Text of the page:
Published: 09:00 AM EST
The Wall Street Journal's Walt Mossberg (SSD) and AnandTech's Anand Lal Shimpi (HDD) have each issued reports on the battery performance of Apple's new MacBook Air models after putting the notebooks through some extensive real-world tests.
For his part, Mossberg pit both 1.6GHz MacBook Air SSD and a 1.6GHz MacBook Air HHD against each other
by turning off all power-saving software, setting screen brightness to maximum, turning on Wi-Fi, and playing an endless loop of music.
"In this test, the SSD made little difference in the MacBook Air and, in fairness, Apple is making no claims of any significant battery-life gains on its SSD model," he wrote. "The SSD MacBook gave me just five more minutes of battery life. Apple says this is because its hard-drive model already uses a very low-power drive."
Next, Mossberg ran a system boot test and found that the SSD version booted up from a cold start, and rebooted with several programs running, about 40 percent faster than the HDD model.
"But the gain isn’t as impressive as it seems because even the hard-drive versions of the MacBook Air booted up in under a minute and rebooted in just a little over a minute," he explained.
Overall, Mossberg dubbed the advent of notebook-grade SSDs a "promising improvement over the hard drive," but said "now is not the time for most users to buy it."
Over at AnandTech
, Lal Shimpi focused his battery benchmarking efforts
off a 1.8GHz HDD-based MacBook Air, as he set out to discount Apple's 'laughable' claims of 5 hours battery life.
A wireless web browsing test used an 802.11n connection to browse a series of 20 web pages of varying size, spending 20 seconds on each page. The test continued in a loop while playing MP3s in iTunes, yielding battery life of 4.27 hours.
A second test simply played a copy of the DVD Blood Diamond
-- which had been ripped to the hard drive -- in a loop until the battery ran out, yielding battery life of 3.42 hours.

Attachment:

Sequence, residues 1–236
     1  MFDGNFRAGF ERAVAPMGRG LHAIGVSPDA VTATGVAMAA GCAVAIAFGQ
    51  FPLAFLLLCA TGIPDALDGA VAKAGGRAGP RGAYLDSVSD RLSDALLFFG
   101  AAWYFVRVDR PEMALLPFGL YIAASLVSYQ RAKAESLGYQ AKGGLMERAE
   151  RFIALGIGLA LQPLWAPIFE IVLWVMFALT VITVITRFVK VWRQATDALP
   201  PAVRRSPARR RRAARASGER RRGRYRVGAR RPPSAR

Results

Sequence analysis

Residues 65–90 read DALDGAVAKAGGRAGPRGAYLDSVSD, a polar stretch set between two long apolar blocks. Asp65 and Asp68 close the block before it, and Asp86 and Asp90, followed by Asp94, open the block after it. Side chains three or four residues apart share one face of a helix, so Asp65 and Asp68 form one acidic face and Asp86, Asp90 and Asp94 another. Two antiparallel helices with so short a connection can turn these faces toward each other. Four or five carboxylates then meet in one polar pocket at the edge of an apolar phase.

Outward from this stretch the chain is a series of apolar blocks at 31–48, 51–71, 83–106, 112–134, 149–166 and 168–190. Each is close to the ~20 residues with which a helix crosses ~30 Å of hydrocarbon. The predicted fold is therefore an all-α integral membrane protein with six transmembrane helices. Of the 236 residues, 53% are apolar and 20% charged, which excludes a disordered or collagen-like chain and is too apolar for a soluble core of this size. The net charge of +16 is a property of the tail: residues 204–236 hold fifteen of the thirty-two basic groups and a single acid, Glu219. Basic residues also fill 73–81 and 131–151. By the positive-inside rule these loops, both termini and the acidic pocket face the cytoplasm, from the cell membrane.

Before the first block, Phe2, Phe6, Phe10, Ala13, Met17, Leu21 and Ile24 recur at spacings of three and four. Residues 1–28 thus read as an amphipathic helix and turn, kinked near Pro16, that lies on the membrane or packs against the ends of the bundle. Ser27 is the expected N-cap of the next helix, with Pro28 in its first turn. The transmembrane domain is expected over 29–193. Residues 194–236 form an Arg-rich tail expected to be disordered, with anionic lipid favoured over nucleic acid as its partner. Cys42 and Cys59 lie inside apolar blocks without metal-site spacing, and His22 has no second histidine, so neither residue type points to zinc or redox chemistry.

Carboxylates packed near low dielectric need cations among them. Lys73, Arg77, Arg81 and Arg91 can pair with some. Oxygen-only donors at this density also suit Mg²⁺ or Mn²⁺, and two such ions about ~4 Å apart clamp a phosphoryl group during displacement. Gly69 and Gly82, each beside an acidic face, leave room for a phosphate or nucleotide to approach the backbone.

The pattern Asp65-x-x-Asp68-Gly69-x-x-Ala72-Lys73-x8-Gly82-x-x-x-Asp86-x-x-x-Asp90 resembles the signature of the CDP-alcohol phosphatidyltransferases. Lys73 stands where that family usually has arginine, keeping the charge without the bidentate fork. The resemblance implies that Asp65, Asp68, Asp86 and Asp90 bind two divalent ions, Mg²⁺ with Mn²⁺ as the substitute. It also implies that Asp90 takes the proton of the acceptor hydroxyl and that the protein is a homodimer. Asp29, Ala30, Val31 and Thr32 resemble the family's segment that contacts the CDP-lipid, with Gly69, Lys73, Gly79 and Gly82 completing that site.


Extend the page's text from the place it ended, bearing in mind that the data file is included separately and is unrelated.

In a final test emulating a multitasking workload, 10GB of files were downloaded in the background while simultaneously running the aforementioned web browsing test, and playing back in QuickTime the first two episodes of Firefly
encoded in a 480p XviD format. Battery life during this test lasted just 2.43 hours.
For each of the three tests, the MacBook Air's display brightness was set at 9 blocks (just over 50 percent), and the system was set to never shut off its display and never go to sleep, although the hard drive was allowed to spin down when possible.
Apple's 5 hour claim is laughable but not as much as I expected. If I wanted to I suspect I could hit 5 hours by making the web browsing test less stressful, but my focus was on real world usage scenarios, not proving Apple correct," Lal Shimpi concluded. "Regardless, 4 hours and 16 minutes doing what I consider to be the intended usage model of the Air is respectable. It's not great, but it's not terrible either."
is presently putting its own MacBook Air SSD review model through the ringer, and will have some reflections soon. Meanwhile, readers are welcome to pose questions for Prince -- who will be conducting the reviews -- and make their own benchmark suggestions or requests in the comments section of this article.
Earlier this week, AppleInsider posted its own review
of the 1.6GHz HDD-based MacBook Air.